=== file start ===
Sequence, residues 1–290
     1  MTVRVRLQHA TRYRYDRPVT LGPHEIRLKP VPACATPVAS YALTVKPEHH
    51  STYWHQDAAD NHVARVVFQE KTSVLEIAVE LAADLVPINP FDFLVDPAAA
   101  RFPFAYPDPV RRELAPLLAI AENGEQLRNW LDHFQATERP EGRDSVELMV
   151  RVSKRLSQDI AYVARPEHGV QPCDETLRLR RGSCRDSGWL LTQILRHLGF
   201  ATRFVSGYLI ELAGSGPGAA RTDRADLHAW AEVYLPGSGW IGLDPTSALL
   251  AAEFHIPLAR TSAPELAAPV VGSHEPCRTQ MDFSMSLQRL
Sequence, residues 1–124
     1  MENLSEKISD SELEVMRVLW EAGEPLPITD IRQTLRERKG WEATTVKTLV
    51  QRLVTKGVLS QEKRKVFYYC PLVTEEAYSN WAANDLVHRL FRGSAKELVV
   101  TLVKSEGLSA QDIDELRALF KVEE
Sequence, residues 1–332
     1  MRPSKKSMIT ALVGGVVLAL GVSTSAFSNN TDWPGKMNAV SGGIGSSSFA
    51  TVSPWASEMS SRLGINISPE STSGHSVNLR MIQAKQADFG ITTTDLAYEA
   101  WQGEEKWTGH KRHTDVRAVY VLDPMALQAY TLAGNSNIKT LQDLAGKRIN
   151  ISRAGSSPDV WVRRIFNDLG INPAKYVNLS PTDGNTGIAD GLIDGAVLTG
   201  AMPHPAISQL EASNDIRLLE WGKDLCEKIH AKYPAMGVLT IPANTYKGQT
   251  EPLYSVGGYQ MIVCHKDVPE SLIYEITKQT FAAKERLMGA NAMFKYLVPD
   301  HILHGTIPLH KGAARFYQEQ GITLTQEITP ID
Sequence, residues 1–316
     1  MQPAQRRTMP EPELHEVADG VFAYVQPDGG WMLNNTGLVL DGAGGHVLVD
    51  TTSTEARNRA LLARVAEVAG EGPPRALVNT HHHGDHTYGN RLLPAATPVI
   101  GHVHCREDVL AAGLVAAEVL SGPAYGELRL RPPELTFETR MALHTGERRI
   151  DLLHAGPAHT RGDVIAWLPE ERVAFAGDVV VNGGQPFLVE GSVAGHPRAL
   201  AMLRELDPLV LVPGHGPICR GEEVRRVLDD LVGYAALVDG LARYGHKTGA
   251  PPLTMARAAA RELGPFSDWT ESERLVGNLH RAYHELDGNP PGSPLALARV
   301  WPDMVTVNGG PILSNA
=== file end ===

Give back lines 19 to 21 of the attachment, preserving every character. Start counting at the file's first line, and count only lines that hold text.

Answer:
   301  HILHGTIPLH KGAARFYQEQ GITLTQEITP ID
Sequence, residues 1–316
     1  MQPAQRRTMP EPELHEVADG VFAYVQPDGG WMLNNTGLVL DGAGGHVLVD